‘Dear Vikram’ movie review: A socio-political film that bites off more than it can chew

A still from ‘Dear Vikram’

A still from ‘Dear Vikram’ | Photo Credit: Anand Audio/YouTube

Even before its release, Dear Vikram had fuelled curiosity among the audience due to a controversy. The Central Board of Film Certification (CBFC) had objected to the film’s previous title Godhra, following which director Nandeesh clarified that the film is in no way connected to the infamous Godhra riots of Gujarat in 2022 and that he has no intention of hurting anyone’s sentiment. Despite the clarification and the changing of the title to Dear Vikram, the audience has remained curious, and now, the film finally premiered on Voot Select.

Dear Vikram
Director : K.S. Nandeesh
Cast: Satish Ninasam, Shraddha Srinath, Vasishtha Simha, Sonu Gowda, Achyut Kumar
Duration : 124 minutes
Storyline: Vikram, a Maoist revolutionary, is left in a dilemma while choosing between love and ideology

Other than the fact that streaming platforms offer more space for such socio-political content, the small, personal screen makes the issues with the film’s cinematic language, structure and technique more apparent. Nandeesh has taken the risk of opting for a hyper-link, multi-narrative structure that connects characters, who are either victims or beneficiaries of the social climate in our country.

He uses four characters to get his message across: Vikram (Satish Ninasam), a talented Dalit student; Nitya (Shraddha Srinath) an upper-caste idealist; Bharat (Vasishta Simha); and Nidhi (Raksha Somashekar). While Vikram represents a revolutionary path, Bharat believes in a strong Hindu Nation. The film delineates their life and experiences, exposing the futility of romantic idealism that is believed to be misguiding the younger generation. Dear Vikram majorly revolves around Vikram, as the title suggests, and Nitya, who as students speak about changing society and getting married. Both Vikram and Bharat finally realise that the system exploits their idealistic minds and uses them for their gains.

Nandeesh was honest. As he claimed, Dear Vikram has no connection to the Godhra communal riots, directly or indirectly. It peripherally touches upon the prevailing sectarian atmosphere, where even our minor differences are being weaponised. But, in his enthusiasm to address multiple burning socio-economic, cultural, religious and political issues in the span of one film, the director seems to have lost his focus. As a result, Dear Vikram turns out to be overtly preachy, and to connect the missing dots and for continuity's sake, the director takes recourse to a narrator.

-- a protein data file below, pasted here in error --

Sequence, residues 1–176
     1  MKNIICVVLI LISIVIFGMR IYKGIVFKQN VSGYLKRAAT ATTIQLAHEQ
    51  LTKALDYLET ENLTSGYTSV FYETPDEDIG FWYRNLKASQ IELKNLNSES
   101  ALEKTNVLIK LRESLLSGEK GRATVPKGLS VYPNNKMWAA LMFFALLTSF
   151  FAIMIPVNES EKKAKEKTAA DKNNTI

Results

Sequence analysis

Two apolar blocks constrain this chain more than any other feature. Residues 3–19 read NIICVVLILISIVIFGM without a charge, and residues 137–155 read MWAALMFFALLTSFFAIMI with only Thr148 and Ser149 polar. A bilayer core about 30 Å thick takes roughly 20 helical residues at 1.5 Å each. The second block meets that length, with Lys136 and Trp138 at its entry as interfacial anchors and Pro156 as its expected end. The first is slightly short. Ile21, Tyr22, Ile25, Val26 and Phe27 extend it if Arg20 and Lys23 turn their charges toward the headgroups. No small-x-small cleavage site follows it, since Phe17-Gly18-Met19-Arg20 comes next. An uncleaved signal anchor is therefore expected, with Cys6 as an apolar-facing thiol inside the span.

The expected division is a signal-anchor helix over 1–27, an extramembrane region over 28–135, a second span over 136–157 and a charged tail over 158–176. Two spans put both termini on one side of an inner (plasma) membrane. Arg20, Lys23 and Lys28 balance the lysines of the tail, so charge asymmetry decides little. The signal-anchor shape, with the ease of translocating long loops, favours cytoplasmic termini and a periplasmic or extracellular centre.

But the filmmaker also attempts to present the current political scenario without making direct references. In the melee, the audience may notice the caricatures of a former chief minister, who launched the “Grama Vastavya” programme and takes an oath in the name of farmers and the slain Maoist Saket Rajan alias Prem. No stones are left unturned. From the farmers’ agitation, the Hindutva agenda, the anti-Feudal Maoist movement, and romantic idealism, to the bonhomie of politicians and the corporate world and the commercialisation of education, it touches upon every issue plaguing India. Had Nandeesh focussed on one issue and weaved other elements around it, his intention would have yielded the result. Meanwhile, those who expect something different after watching the trailer and controversy over the change of title, might be left disappointed.

With an ensemble cast of experienced actors such as Satish Ninasam, Shraddha Srinath, Vasishtha Simha, and Achyut Kumar, the director could have created strong characters that leave an impression on the minds of the audience. However, all the actors give it their best to bring the characters to life.

In its exhausting narration, only songs such as Jeevake Jeeva, Beeso Gaali and Yeno Salige manage to provide some relief to the audience.

Dear Vikram is currently streaming on Voot Select

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Printable version | Jun 30, 2022 4:20:26 pm |